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Centerfire Rifles - Semiautomatic or Gas Operated Centerfire rifles, carbines and other gas operated rifles.

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  #1  
Old 12-04-2012, 6:55 PM
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Roland Deschain Roland Deschain is offline
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Default Staking the Noveske QD Receiver End Plate

I installed my Noveske QD receiver end plate on my Colt 6920 today and am not having luck staking the castle nut. Following the advice in this thread I tried using my automatic punch at first and it barely made a dent at all. So I switched to the punch kit and a hammer which ended up being less effective than the automatic punch.

So does anyone have any experience staking the Noveske QD end plate? Is it just too hard of a metal to manually stake? Should I just back off the castle nut, apply some blue locktite and call it a day?
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Old 12-04-2012, 10:08 PM
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I have the same end plate and using a auto punch worked fine on mine. I think I have it about three hits to swage the metal into the detent to my satisfaction. try again? Maybe it got heat treated and is harder than mine?
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Old 12-05-2012, 1:42 AM
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As above. Try the spring loaded center punch again. Dial in the hardest hit if its adjustable. Position the point where you want it and push down until it snaps. Do not move the point and do it again a few more times. You should end up with a nice little circular divot on the end plate that displaces a little metal into the castle nut notch. It won't look like a factory stake job, but will work equally as well. Do it in 2 places on the nut.
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Old 12-05-2012, 1:45 AM
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I do it old school and just use a standard center punch and brass hammer.
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Old 12-05-2012, 1:42 PM
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i used a flat head screw driver and a hammer. a couple of good wacks and it was gtg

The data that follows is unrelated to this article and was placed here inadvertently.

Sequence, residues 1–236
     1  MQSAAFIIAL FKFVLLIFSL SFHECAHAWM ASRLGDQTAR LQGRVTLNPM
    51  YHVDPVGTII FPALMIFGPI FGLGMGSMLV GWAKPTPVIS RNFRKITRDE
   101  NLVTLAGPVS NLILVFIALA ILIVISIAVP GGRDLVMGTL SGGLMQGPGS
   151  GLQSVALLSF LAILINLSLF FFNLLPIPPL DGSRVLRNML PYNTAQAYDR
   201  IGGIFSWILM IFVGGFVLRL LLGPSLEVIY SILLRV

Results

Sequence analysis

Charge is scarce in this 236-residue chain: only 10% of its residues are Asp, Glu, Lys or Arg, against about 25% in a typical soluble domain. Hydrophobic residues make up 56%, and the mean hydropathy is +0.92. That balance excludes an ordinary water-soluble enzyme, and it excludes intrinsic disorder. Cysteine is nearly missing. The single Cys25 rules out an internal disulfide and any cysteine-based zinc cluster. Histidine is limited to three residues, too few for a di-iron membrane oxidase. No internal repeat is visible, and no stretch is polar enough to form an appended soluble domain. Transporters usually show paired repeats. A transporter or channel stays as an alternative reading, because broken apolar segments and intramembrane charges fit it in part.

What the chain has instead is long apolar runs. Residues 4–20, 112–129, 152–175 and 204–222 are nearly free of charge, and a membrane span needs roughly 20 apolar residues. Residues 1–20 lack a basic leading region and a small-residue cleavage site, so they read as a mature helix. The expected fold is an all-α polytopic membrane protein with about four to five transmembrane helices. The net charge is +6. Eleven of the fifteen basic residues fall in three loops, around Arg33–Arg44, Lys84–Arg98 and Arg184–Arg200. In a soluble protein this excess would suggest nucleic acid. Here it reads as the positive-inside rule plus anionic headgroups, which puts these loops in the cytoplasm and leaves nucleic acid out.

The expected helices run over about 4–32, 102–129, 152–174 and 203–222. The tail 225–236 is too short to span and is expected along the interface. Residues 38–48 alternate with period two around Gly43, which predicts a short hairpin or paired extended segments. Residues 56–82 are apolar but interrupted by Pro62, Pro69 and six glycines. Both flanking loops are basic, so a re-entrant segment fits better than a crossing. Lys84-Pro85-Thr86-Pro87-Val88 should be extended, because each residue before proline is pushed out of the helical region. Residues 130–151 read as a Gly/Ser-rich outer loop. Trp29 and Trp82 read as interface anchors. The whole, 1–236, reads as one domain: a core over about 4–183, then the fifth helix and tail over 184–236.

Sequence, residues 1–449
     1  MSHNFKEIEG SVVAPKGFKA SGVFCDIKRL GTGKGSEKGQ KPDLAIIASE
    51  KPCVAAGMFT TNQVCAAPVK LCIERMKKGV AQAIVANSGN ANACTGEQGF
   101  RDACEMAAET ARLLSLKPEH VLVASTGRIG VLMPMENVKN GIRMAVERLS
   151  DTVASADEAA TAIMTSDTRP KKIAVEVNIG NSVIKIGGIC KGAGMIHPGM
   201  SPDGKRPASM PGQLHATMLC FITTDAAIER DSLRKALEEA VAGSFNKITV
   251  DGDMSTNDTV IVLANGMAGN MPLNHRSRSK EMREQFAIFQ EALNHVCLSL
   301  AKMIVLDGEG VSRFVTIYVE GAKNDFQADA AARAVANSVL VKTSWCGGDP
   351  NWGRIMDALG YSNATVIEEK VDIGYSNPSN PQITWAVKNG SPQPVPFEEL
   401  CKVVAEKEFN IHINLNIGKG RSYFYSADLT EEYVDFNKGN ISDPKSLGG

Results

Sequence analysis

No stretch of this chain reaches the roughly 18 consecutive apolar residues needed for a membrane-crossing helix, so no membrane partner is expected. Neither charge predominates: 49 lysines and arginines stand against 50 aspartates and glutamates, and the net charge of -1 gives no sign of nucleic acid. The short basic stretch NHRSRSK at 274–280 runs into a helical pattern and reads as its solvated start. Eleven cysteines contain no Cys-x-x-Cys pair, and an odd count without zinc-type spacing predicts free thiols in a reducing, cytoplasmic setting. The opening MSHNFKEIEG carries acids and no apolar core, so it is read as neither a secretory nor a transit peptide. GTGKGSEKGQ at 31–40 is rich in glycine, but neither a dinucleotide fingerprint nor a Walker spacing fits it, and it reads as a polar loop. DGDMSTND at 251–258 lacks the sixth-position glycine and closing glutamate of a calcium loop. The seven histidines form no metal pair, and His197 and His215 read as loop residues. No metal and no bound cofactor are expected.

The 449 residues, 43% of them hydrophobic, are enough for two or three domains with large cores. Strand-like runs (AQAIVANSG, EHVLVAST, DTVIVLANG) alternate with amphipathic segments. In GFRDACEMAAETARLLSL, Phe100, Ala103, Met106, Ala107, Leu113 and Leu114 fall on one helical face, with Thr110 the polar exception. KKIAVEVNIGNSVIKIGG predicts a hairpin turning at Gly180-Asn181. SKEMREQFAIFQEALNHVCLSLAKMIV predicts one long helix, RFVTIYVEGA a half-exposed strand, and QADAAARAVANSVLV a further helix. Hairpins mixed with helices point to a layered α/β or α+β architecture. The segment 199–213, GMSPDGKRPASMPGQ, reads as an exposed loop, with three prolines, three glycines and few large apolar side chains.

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Old 12-05-2012, 3:07 PM
tanakasan tanakasan is offline
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I have a Starrett auto punch that is _stout_ and a General that is a wimp.

The Starrett will knock you fillings loose when you use it and turn up a serious dent, especially if you strike it multiple times.

Or just use an old school center punch. Sharpen it a bit to the pointy side, the shallow tip angle that typically comes standard for drill starting purposes is too flat.

Robert
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Old 12-05-2012, 6:28 PM
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Thanks for the tips guys. My automatic punch is a General also and it was my dad's so who knows how old it is. In any case I stopped at Home Depot on the way home and bought a manual punch with a sharper point. Went to town on it with the hammer and it worked like a charm
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Old 12-05-2012, 6:49 PM
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I use an automatic punch from harbor freight. First punch makes a small mark then just keep hitting it in the same spot until I get the staking I want.
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Old 12-05-2012, 6:54 PM
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Quote:
Originally Posted by Intimid8tor View Post
I use an automatic punch from harbor freight. First punch makes a small mark then just keep hitting it in the same spot until I get the staking I want.
Ya I had my automatic punch twisted down to the hardest setting and pushed it over and over but it never did anything other than make a small starter dimple (which ended up working well when I switched to the manual punch and hammer). I had to go to town with the hammer so
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Old 12-05-2012, 7:20 PM
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I pretty much only use Noveske QD plates. They seem harder than all the others to me. Anyway I stake mine with a sharp punch and a hammer. I find those spring loaded punches to be too weak. I set my lower on the bench, push it up to the back wall then punch it. With the punch being sharp it holds it in place before the hit. Also I put the stock on and slide it all the way up along with taping it up with electrical tape to prevent any unwanted scratches if I were to slip. I have yet to slip. Here is an example of mine-
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